Talk:Vedis and Yajñāyudhas

From Hindupedia, the Hindu Encyclopedia

Vedis and Yajñāyudhas ‘Vedi’ means an altar. ‘Yajñāyudhas’ are the various implements used in sacrifices. The vedi is either an elevated or an excavated plot of ground strewn with the darbha grass, where sacrificial utensils and implements are placed. It is shaped within a rectangular area. The northern and the southern sides are concave.

File:Vedis and Yajñāyudhas.jpg

Vedi for the Agnihotra, , , Darśapumamāsa and Istis Acamana

  • Dotted lines indicate the samcāras of the Brahman etc.

Measurements and shape of a vedi vary according to the type of the rite to be performed, as described in the con¬cerned texts. The height of the sacrificer is the unit used to determine the various measurements. Associated with the vedi is cayana or agnicayana, the rite of piling the bricks for the fire-altar, in Somayāgas. The altar is built with five layers of bricks. It may have several shapes such as suparṇa (eagle), śyena (hawk) and droṇa (trough). The bricks used also may be of various shapes—triangular, oblong or square. The yajñāyudhas, instruments and implements used in Vedic sacrifices, are as many as 43. However, only a few, the major ones, more commonly needed, will be described here. 1. Agnihotrahavanī It is a big ladle made of vikaṅkata wood (Flacourtia sapida) used for pouring the oblation of milk into the gārhapatya fire.


2. Ajyasthalī

It is a vessel of bronze used for keeping ājya or ghee. 3. Anvāhāryasthāli It is a big metallic vessel used to cook food (enough for four persons) on the daksmāgni which is also called ‘anvāhārya- pacana’. The food is distributed among the priests after (anu = after) the main sacrifice is over. 4. Aranis The araṇis are two pieces of wood, used to produce fire by attrition. The top piece called ‘uttarārani’ shaped like a round pestle. The bottom piece has a pit into which the strained juice falls.


They are used in the Somayāgas. into which the top araṇi can loosely fit. Fire is produced by the process of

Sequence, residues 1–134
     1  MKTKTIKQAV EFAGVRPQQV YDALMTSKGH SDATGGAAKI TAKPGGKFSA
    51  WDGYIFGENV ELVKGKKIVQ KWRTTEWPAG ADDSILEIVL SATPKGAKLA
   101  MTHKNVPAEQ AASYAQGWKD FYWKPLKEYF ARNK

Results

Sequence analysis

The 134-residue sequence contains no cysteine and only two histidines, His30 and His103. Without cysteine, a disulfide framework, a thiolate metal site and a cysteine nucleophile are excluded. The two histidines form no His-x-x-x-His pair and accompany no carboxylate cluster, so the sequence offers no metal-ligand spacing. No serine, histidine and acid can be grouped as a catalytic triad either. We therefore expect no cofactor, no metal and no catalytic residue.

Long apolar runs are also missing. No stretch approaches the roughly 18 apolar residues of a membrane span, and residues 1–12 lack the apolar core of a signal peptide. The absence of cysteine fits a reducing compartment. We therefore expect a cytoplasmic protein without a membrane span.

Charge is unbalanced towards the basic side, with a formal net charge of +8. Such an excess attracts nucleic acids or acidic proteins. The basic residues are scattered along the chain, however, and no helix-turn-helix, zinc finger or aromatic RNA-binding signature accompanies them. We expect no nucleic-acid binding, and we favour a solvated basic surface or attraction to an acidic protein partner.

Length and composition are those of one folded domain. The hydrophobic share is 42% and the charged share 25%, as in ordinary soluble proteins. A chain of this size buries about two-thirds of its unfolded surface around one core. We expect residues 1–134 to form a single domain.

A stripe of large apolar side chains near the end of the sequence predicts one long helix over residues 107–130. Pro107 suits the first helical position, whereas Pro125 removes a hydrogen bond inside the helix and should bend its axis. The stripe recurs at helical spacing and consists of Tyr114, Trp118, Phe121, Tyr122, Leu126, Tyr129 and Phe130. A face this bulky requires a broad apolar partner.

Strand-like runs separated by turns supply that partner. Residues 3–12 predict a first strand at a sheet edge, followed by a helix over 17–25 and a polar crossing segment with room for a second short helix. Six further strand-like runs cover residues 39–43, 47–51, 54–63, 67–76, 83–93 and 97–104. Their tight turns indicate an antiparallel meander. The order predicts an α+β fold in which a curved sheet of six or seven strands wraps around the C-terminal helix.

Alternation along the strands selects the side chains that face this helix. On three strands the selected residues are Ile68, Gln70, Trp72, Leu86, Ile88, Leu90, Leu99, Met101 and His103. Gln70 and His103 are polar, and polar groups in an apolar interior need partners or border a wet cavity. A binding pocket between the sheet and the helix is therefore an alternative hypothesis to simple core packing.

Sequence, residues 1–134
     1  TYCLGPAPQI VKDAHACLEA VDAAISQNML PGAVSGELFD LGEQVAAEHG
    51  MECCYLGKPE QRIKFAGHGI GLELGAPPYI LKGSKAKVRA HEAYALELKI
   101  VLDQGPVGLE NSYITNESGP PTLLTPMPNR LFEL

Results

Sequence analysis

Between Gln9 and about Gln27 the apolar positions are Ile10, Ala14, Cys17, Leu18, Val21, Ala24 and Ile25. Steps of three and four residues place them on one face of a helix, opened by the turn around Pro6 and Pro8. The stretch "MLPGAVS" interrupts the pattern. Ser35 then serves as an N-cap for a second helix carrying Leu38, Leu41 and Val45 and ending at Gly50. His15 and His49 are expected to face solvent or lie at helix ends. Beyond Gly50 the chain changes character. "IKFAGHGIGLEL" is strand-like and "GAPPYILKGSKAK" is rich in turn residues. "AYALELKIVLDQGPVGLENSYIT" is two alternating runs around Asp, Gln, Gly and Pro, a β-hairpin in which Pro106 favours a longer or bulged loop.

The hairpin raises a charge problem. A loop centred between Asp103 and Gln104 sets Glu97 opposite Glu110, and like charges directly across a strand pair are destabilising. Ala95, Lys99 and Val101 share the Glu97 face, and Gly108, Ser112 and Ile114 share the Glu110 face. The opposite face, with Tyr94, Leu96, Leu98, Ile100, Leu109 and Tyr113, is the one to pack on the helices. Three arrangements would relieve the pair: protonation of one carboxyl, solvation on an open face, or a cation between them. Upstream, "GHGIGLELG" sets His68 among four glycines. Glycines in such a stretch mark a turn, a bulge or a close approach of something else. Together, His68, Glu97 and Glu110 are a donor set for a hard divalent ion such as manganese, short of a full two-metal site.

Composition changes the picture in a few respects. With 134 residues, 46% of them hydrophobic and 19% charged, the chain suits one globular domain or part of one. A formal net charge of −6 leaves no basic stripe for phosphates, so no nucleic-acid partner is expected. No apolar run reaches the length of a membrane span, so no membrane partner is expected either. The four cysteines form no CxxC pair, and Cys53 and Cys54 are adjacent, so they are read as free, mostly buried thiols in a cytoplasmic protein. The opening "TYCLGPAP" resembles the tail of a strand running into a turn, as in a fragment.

7. Dohana ID It is the vessel used for containing the milk during milking. 8. Drsad and Upala They are the lower and the upper grinding stones used to pound the grains for preparing the puroḍāśa (rice cake). Dṛṣad is flat and upala is cylindrical.

3. Camasa Camasas are deep wooden bowls, square in shape and have short handles. They are used for keeping the soma juice. 4. Daśāpavitra and Dronakalaśa The former is a small piece of cloth used as a fringed strainer, to strain the soma juice. The latter is the wooden vessel

9. Idapatra and Darupatra The iḍāpātra is an oblong vessel made of aśvattha wood. It is used to keep the remnant of havis after oblation. The dārupātra is similar to it and is utilised to keep puroḍāśa and caru (porridge). Some mark is made on the latter to distinguish it from the former. 10. Juhu and Upabhrt They are wooden spoons similar to the agnihotrahavaṇī, but smaller in size. 11. Kapālas They are small square-shaped troughs made of burnt clay, used to cook the puroḍāśa cakes. 12. Krsnājina It is a deer-skin. The dṛṣad and the upala (See item 8.) are placed on it before pounding the grains. 7. Madantl It is the vessel used to keep water and heat it for preparing the puroḍāśa cakes. 8. Musala It is the pounding pestle made of khadira wood {Acacia catechu). 9. Pranītā-pranayana It is the long rectangular wooden vessel (made of aśvattha) used by the adhvaryu priest to carry holy water. 10. Sandarhśa It is the pair of iron tongs used for various purposes. 11. Sānnāyya-tapanī They are two vessels of bronze used to heat the milk of morning and evening, mixed together. 12. Sphya It is a piece of khadira wood shaped like a sword. Its uses in sacrifices are many.

19. Sruk and Sruva

They are small-size wooden spoons used for offering ājya or clarified butter. 20. Surpa It is the winnowing basket, generally made of bamboo. 21. Ulukhala It is a wooden mortar (made of any sacrificial wood) used along with the musala (pestle) (See item 14.) for crushing the grains. 22. Yoktra It is a straw-rope made of the muñja grass used as a belt. 23. Yupa It is the octogonal wooden post to which the animal to be immolated, is tied.